Futuristic Shipping Policy being prepared: Vice Admiral(R) Iftikhar Rao

73

KARACHI: Vice Admiral (R) Iftikhar Rao, Special Assistant to Prime Minister for Maritime, disclosed that the government is shaping a futuristic Shipping Policy keeping in view the new dynamics of the Maritime Sector. The Policy would address all aspects that would lead to a pragmatic outlook and enable all stakeholders to participate with more determination. He added that Maritime Economic Security is also crucial although it is different from Maritime Naval Security. Therefore, it is imperative that Maritime Economic Security and Maritime Military Security given equal importance. He was presenting his keynote address as Chief Guest at the Maritime Conference hosted by Global Compact Network Pakistan and Maritime Anti-Corruption Network based in Denmark.

Admiral Rao further stated that Pakistan pays over $7 billion each year to foreign shipping lines and this is a huge burden on the country’s foreign exchange reserves. He said that until 1960, Pakistan had no state-owned shipping company and now has only PNSC. He advised the private sector to enter the shipping sector since the future is very profitable in shipping. He also advised that the private sector should become major players in the Blue Economy. In his opinion, those who are in the Maritime Industry are very fortunate and progressive. He said that, unfortunately, information is lacking about Maritime Industry and Blue Economy and hence the transformation and change are very slow and that is why private sector is not eager to invest. However, the good side is that the private sector is always pragmatic and practical and that is why he is very optimistic.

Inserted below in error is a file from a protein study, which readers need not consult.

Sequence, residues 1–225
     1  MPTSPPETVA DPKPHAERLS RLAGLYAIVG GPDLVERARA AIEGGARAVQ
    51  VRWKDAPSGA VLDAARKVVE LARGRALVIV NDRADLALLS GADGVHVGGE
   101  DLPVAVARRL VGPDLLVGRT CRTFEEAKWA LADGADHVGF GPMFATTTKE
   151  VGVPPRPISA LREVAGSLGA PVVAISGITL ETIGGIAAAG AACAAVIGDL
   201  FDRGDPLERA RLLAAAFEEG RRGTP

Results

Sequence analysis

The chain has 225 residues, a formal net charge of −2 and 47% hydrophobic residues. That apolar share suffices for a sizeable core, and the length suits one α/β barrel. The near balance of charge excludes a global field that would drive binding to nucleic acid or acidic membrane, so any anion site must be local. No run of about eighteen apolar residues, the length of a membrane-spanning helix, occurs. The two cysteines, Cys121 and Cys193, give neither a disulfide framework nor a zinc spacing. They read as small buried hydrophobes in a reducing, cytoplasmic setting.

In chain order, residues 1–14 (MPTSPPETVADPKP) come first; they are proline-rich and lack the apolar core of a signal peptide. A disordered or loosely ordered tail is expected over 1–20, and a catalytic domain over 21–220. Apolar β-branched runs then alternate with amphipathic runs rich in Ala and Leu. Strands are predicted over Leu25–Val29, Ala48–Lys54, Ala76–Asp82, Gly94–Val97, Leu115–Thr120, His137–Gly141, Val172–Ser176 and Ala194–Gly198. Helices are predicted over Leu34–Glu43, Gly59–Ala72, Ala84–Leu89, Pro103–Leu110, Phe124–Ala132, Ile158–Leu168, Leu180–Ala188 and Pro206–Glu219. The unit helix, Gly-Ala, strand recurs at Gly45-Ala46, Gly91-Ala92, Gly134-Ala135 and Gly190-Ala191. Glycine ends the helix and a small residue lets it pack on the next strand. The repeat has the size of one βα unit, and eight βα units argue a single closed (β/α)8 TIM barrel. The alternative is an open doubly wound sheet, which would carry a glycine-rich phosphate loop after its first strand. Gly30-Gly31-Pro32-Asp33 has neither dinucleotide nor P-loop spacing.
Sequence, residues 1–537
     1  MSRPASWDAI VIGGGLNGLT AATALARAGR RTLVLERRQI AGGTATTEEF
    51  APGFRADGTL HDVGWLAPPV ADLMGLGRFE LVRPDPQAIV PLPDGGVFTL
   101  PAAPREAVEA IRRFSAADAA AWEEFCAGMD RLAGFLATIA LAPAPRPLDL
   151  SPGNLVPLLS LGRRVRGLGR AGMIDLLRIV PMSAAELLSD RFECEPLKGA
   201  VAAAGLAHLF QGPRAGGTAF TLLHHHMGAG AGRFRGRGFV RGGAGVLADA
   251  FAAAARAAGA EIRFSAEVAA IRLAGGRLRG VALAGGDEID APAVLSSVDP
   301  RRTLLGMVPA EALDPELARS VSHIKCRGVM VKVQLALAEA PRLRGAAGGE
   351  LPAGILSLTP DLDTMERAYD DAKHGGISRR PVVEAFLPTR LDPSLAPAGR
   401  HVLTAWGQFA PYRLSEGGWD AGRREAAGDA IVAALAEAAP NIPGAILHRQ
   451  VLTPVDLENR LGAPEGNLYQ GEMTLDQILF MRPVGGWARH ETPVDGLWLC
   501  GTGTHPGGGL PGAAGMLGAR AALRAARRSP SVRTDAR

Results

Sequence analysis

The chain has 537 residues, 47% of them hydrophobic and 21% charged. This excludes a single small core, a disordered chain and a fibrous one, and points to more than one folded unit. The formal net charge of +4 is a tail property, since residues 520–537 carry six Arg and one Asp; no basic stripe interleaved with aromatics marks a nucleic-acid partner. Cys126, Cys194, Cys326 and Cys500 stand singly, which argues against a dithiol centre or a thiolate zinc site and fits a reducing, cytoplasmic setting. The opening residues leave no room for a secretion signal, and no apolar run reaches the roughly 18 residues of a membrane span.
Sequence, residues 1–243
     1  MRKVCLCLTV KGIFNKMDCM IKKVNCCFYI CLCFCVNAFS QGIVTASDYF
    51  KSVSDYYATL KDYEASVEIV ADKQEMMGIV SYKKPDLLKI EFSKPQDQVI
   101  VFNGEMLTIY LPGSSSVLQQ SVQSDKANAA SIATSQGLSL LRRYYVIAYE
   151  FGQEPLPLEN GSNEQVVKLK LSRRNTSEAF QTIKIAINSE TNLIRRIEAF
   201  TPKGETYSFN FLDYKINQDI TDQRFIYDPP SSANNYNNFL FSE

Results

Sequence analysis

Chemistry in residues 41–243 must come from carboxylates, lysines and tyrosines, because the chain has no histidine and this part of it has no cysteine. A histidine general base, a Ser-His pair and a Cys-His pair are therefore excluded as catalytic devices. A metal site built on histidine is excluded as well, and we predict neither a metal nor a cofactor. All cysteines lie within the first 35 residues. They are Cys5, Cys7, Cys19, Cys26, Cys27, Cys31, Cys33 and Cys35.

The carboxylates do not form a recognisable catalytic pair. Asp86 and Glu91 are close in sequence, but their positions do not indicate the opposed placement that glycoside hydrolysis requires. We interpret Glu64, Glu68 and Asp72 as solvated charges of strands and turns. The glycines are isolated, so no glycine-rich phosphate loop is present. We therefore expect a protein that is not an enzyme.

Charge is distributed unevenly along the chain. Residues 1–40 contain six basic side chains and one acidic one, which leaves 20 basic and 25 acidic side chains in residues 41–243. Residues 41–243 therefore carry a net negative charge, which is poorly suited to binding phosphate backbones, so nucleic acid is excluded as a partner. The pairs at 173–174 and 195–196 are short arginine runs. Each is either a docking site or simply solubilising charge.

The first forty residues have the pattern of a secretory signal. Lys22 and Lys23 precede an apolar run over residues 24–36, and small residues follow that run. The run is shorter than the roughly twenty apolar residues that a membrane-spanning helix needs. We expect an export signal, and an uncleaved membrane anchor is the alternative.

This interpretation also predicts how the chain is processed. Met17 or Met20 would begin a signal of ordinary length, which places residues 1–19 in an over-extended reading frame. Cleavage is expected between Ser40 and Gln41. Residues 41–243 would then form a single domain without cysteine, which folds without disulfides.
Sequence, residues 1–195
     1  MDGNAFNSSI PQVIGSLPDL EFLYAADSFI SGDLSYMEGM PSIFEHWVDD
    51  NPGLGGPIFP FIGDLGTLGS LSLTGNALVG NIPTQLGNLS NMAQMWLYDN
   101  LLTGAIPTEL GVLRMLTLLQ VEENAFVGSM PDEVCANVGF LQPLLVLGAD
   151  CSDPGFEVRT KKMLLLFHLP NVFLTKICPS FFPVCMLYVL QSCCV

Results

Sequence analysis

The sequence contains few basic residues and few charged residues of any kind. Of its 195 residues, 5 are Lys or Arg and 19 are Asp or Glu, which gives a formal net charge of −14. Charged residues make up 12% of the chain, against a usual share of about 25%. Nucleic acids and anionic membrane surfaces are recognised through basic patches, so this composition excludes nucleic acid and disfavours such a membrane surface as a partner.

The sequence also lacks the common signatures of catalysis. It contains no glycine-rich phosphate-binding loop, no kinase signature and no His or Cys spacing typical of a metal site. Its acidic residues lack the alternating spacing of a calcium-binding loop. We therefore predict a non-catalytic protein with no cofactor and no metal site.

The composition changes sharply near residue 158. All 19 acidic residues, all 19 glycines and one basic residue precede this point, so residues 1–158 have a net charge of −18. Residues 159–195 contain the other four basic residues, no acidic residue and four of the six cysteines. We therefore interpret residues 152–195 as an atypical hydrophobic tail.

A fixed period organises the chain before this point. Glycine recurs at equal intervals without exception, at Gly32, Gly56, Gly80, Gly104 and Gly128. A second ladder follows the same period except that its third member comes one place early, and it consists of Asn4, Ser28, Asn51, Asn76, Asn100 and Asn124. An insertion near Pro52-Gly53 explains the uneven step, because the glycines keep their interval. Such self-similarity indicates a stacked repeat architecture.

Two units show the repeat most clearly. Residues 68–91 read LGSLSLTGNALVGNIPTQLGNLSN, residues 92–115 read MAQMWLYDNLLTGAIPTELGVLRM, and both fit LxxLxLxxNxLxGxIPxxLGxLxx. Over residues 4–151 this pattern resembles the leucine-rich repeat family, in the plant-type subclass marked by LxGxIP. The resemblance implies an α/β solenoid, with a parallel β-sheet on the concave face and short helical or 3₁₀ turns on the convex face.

Admiral Rao added that there would be a mega shortage of seafarers since demand for trained human resources would hugely increase. Therefore, it is imperative that the graduates of Pakistan Marine Academy be provided practical training on foreign ships through arrangement with the owners of these shipping lines. He also asked the private sector to provide ways and means to train the cadets who, as seafarers, could be employed at international level on foreign ships and earn foreign exchange for the country.